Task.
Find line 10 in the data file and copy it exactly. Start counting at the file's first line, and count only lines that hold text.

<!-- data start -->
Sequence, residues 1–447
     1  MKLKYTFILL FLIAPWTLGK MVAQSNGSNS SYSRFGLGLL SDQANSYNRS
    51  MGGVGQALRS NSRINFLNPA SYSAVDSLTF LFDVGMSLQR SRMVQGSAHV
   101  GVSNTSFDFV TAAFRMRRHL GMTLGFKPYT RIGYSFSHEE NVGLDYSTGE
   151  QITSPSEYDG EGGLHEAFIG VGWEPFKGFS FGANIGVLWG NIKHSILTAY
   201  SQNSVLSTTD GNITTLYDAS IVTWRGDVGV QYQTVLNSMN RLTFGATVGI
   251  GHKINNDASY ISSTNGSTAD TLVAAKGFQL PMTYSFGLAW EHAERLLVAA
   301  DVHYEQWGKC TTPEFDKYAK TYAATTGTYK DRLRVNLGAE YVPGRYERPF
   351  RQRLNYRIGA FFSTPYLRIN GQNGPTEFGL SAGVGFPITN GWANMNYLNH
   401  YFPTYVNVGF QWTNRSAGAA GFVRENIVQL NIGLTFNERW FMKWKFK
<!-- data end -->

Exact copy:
   401  YFPTYVNVGF QWTNRSAGAA GFVRENIVQL NIGLTFNERW FMKWKFK